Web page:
President Hamid Karzai’s office said Sunday that there is “serious debate” among some Taliban fighters about laying down arms, while a spokesman for the militants said they will “never” negotiate with Afghan authorities until foreign troops leave.
Clashes and airstrikes, meanwhile, killed 16 people, capping a week that saw more than 270 people die in insurgency-related violence.
Karzai said Saturday he would be willing to meet personally with Taliban leader Mullah Omar and give militants a position in government in exchange for peace. Karzai spokesman Humayun Hamidzada on Sunday stressed that the militants would have to accept Afghanistan’s constitution.
But Taliban spokesman Qari Yousef Ahmadi repeated a position he announced earlier this month, saying there would be no negotiations until U.S. and NATO troops withdraw from Afghanistan.
“The Taliban will never negotiate with the Afghan government in the presence of foreign forces,” Ahmadi told The Associated Press. “Even if Karzai gives up his presidency, it’s not possible that Mullah Omar would agree to negotiations.”
But Karzai’s spokesman said the government has information of a “serious debate” in some groups of Taliban about how long militants want to continue fighting. The U.N. and NATO have also said they see similar indications.
“They want to live in peace and have a comfortable life with their families,” Hamidzada said. “There is serious debate within their ranks, but this is a process that takes time.”
Karzai traveled to the U.N. General Assembly in New York last week, and Hamidzada said that the U.N. secretary-general and the foreign ministers of many countries, “everyone with one voice said we need a comprehensive strategy in dealing with the Taliban — both military and diplomatic components.”
Violence killed 270 in a week
He said Karzai and President Bush also spoke generally about the Taliban reconciliation process and said Bush also supports such initiatives. It was not clear if that would include broader Taliban peace talks beyond the individual reconciliation process that has seen more than 4,500 fighters lay down their arms the last two years.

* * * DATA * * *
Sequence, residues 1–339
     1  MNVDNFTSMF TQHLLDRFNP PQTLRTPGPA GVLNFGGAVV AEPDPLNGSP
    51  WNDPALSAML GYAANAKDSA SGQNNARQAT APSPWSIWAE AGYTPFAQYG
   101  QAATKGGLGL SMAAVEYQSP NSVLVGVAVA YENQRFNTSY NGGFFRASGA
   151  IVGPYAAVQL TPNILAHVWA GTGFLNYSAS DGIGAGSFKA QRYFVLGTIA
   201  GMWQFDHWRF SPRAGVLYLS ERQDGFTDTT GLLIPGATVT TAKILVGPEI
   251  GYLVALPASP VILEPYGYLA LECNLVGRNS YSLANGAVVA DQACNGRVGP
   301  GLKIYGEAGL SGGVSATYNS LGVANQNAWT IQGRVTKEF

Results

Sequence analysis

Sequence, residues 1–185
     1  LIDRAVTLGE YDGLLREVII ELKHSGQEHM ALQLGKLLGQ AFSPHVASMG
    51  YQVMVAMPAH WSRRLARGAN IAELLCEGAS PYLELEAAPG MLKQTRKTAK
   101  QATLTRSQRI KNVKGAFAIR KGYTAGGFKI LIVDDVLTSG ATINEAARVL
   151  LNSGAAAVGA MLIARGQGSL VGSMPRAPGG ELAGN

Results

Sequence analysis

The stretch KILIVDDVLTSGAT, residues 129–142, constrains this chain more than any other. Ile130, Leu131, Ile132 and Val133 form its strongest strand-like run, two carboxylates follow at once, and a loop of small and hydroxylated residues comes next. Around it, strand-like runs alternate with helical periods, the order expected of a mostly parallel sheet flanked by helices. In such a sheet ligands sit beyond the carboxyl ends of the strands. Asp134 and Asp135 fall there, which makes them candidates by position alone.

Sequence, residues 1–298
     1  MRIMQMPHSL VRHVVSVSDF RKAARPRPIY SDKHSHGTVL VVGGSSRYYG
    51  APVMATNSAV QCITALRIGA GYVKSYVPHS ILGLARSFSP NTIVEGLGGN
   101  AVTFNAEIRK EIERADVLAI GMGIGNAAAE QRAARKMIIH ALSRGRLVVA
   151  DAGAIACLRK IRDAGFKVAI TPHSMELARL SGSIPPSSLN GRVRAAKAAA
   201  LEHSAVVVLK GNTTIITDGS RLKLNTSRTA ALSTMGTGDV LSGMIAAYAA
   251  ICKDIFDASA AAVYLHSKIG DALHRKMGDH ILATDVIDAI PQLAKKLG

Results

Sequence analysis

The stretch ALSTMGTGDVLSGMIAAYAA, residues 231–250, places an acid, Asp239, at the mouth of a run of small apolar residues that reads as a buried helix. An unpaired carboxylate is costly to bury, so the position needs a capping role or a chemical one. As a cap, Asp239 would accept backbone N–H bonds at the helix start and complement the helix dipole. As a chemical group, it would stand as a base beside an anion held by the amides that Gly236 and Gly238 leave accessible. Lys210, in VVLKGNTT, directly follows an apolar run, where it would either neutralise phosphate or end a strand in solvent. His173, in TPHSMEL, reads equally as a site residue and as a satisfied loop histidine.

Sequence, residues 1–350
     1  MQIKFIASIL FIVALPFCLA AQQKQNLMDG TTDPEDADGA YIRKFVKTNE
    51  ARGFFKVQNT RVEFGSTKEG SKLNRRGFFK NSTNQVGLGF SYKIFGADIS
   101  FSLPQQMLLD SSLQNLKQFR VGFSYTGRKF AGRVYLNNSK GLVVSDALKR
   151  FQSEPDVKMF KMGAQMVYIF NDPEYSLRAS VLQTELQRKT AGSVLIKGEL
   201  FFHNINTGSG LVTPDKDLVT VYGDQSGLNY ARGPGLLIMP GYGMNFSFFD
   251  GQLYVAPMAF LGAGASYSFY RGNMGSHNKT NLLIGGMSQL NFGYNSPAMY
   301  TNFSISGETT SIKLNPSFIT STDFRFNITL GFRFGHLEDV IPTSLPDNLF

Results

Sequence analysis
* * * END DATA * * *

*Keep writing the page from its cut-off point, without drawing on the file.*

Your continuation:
Karzai’s latest peace overture came as insurgency-related violence continued to climb. Thirty people were killed in a suicide bomb attack on a military bus Saturday in Kabul.
More than 270 have died in violence since last Sunday — 180 of them militants, according to an Associated Press tally of figures from Afghan and Western officials.
In the latest violence, insurgents ambushed a convoy of foreign troops in eastern Paktia province on Saturday. After a brief gunbattle, airstrikes were called in that killed 11 militants, a provincial police official said Sunday on condition of anonymity because he was unauthorized to speak publicly.
The U.S. coalition said it was not involved in the battle, and NATO was looking into the report.
Another battle in Paktia between police and militants on Saturday left one suspected insurgent dead, the police official said.
In neighboring Ghazni province, coalition forces fought with insurgents, killing two Taliban on Saturday in Andar district, said deputy provincial police chief Mohammad Zaman.
Police in Kandahar city discovered a landmine that exploded while they were trying to defuse it, killing two police, said Kandahar deputy provincial police chief Abdul Hakim Hungar.
Military officials said they expected a spike in violence during the Muslim holy month of Ramadan based on an increase in attacks last year during the same period.
The death toll this week includes more than 165 militants killed during two battles between the Taliban and joint Afghan-coalition forces, and the 30 soldiers and civilians killed in the Kabul suicide bombing.
Militant attacks and military operations have killed more than 4,600 people so far this year, most of them insurgents, according to the AP count.